The life and houses of Martin Kavanagh
Thirty-nine years ago, Martin and Heather Kavanagh lived in a shed on a steep and densely forested expanse of land. Martin and his wife Heather had bought it for not much at all.
It was and still is, up in the headwaters of the Karuah River valley; thirty minutes’ drive mostly on gravel roads to the nearest town. The locality is called Monkerai and even today the human population remains small and scattered. Martin extended their abode with the construction of a verandah, the only prospect of shade a young fig tree nearby. They had two small children at the time. On this site they would build The Monkerai House.
It would be a house like no other because that’s the way Martin is: an architect, a craftsman, an artist, a force of nature. “It was Heather’s idea to come here,” Martin acknowledges. He is jet-blackhaired and bushy-white bearded. He tumbles out stories. He’s on course for a while and then he’s off at a tangent. Sincerity and principledness radiates from him. Heather lets his bubbles rise and burst, but asserts her point of view in a way that suggests the rudder of a ship. Theirs has been a long and wondrous voyage together. It took seven years, and the arrival of two more children, and they were settled into a dwelling that was quintessentially theirs, alive with the shifting of sunlight and moonlight. It was stone and round timber and full of Martin’s crafty quirkinesses.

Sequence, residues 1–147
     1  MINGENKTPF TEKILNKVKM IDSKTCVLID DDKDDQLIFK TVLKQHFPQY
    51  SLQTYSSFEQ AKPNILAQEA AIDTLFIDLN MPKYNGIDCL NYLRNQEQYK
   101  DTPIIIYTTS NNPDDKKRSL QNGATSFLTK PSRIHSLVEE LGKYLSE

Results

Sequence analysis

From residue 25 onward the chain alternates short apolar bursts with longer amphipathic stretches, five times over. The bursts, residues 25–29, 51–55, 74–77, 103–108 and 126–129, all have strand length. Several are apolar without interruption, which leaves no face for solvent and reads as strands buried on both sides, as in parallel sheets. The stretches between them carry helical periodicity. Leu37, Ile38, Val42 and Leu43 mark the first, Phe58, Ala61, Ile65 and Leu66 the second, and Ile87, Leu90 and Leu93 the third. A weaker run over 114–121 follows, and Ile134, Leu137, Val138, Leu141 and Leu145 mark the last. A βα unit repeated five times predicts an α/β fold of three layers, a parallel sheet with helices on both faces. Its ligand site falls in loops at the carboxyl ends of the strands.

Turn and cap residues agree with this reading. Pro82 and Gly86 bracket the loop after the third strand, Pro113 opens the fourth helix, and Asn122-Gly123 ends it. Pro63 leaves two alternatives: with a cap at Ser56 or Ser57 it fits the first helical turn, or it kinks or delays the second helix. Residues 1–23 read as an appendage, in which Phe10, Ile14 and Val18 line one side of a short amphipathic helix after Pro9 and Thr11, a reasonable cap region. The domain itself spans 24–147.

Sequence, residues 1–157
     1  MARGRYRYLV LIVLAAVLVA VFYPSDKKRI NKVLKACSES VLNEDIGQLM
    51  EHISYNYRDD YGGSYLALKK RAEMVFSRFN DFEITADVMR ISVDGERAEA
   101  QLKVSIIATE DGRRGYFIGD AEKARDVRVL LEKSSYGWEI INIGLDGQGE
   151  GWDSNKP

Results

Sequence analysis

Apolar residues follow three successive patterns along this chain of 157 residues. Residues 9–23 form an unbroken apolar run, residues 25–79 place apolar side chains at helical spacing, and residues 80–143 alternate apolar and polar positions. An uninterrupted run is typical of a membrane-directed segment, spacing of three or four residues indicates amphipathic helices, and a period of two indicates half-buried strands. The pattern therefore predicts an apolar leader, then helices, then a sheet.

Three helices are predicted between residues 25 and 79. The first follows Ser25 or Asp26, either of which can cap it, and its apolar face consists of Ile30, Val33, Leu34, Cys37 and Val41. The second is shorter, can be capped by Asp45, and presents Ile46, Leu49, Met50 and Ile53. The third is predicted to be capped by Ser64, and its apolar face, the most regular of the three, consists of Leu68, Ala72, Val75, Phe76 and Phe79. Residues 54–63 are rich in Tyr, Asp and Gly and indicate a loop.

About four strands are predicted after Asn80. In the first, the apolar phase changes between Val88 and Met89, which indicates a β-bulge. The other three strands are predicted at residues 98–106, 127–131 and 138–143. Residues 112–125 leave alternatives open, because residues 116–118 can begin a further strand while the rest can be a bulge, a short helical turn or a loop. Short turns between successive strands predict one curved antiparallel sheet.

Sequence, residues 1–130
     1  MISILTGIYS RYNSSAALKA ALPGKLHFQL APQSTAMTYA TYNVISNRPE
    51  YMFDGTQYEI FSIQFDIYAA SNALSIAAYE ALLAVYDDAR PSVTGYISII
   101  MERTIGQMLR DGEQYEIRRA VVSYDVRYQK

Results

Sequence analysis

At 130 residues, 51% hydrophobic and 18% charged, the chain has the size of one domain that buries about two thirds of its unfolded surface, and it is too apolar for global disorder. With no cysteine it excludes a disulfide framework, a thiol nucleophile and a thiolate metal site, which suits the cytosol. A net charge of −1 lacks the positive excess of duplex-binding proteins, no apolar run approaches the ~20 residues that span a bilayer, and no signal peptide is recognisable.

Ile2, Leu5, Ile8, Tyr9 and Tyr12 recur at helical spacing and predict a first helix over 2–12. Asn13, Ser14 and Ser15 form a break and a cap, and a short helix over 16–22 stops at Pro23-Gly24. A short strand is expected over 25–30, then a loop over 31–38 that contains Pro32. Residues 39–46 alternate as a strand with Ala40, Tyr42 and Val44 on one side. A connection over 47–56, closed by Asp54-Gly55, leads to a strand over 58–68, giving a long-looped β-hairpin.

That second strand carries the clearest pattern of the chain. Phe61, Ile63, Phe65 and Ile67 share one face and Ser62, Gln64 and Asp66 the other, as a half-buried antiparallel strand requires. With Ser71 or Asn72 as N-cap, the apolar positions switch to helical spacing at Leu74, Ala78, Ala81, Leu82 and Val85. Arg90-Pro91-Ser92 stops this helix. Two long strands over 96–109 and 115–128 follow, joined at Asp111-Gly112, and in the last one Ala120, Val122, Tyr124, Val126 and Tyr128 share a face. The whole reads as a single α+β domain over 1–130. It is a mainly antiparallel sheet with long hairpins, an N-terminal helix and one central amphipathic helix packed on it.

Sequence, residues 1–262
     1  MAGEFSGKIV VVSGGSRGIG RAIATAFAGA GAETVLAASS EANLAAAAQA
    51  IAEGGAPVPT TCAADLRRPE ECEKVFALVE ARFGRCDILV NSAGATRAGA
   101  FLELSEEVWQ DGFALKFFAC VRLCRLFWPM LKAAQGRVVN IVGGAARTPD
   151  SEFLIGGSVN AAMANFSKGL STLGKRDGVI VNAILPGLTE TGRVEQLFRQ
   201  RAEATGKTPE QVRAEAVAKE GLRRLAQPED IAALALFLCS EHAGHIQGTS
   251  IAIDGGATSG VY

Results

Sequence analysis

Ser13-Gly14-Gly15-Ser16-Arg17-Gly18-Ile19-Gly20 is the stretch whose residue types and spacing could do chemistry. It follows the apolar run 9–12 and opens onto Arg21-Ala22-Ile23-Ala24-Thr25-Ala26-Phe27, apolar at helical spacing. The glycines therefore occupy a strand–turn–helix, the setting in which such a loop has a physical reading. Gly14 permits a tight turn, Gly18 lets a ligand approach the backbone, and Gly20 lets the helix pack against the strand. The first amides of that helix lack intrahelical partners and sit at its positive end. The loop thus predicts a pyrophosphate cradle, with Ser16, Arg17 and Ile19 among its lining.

Martin and Heather are living in that house today – and planning to go nowhere else. But there have been numerous other houses, and sheds, along their way. Martin failed to finish an architecture degree. He sidestepped into a Diploma in Visual Arts, and soon found a decent living as a high-school art teacher. Heather was by then a qualified English teacher. For a short while there was a chance they might settle into a nice professional normality. But in 1982 Martin gave up his teaching job and the business of building houses began.
In 1989, I met Martin and Heather at The Monkerai House. There were now four young children – all boys. In the children’s domain the beds were suspended on curvaceous tree branches. A corner crying out for Martin’s eccentric touch was filled with a quarter-section from the base of a tree with buttressed roots, into which was sculpted a model railway line complete with tunnels and trestle bridges and of course a model train. These were not the sort of features that were fundamental to the architectural discourse of the time. Not then, not now.
Going back to that house in 2019, I am amazed at how much I remember, how deeply etched are those Martin Kavanagh whimsies and how strongly they infused art into the architecture. The four sons raised in that environment would surely claim a privileged upbringing. Today they each have a sound foundation in trade skills. And creativity. What would you expect?
Read more about the life and houses of Martin Kavanagh in the Spring issue of Hunter&Coastal Lifestyle Magazine.
Story and images by Ken Rubeli